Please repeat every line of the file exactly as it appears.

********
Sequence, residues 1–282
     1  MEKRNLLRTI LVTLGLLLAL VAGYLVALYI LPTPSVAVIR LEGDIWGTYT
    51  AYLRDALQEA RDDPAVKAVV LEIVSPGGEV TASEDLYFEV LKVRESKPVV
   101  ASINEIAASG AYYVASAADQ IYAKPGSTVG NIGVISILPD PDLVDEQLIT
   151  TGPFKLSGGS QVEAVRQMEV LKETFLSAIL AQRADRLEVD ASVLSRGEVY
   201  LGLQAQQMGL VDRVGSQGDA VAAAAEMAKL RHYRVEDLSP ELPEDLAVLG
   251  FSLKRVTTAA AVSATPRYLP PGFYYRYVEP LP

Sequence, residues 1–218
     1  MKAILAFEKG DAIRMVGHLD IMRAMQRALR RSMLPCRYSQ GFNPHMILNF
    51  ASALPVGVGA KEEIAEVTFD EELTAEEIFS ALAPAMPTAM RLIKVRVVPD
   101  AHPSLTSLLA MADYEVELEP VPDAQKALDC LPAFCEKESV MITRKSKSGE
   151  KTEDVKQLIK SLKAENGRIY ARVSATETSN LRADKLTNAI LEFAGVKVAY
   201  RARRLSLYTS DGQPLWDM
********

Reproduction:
Sequence, residues 1–282
     1  MEKRNLLRTI LVTLGLLLAL VAGYLVALYI LPTPSVAVIR LEGDIWGTYT
    51  AYLRDALQEA RDDPAVKAVV LEIVSPGGEV TASEDLYFEV LKVRESKPVV
   101  ASINEIAASG AYYVASAADQ IYAKPGSTVG NIGVISILPD PDLVDEQLIT
   151  TGPFKLSGGS QVEAVRQMEV LKETFLSAIL AQRADRLEVD ASVLSRGEVY
   201  LGLQAQQMGL VDRVGSQGDA VAAAAEMAKL RHYRVEDLSP ELPEDLAVLG
   251  FSLKRVTTAA AVSATPRYLP PGFYYRYVEP LP

Sequence, residues 1–218
     1  MKAILAFEKG DAIRMVGHLD IMRAMQRALR RSMLPCRYSQ GFNPHMILNF
    51  ASALPVGVGA KEEIAEVTFD EELTAEEIFS ALAPAMPTAM RLIKVRVVPD
   101  AHPSLTSLLA MADYEVELEP VPDAQKALDC LPAFCEKESV MITRKSKSGE
   151  KTEDVKQLIK SLKAENGRIY ARVSATETSN LRADKLTNAI LEFAGVKVAY
   201  RARRLSLYTS DGQPLWDM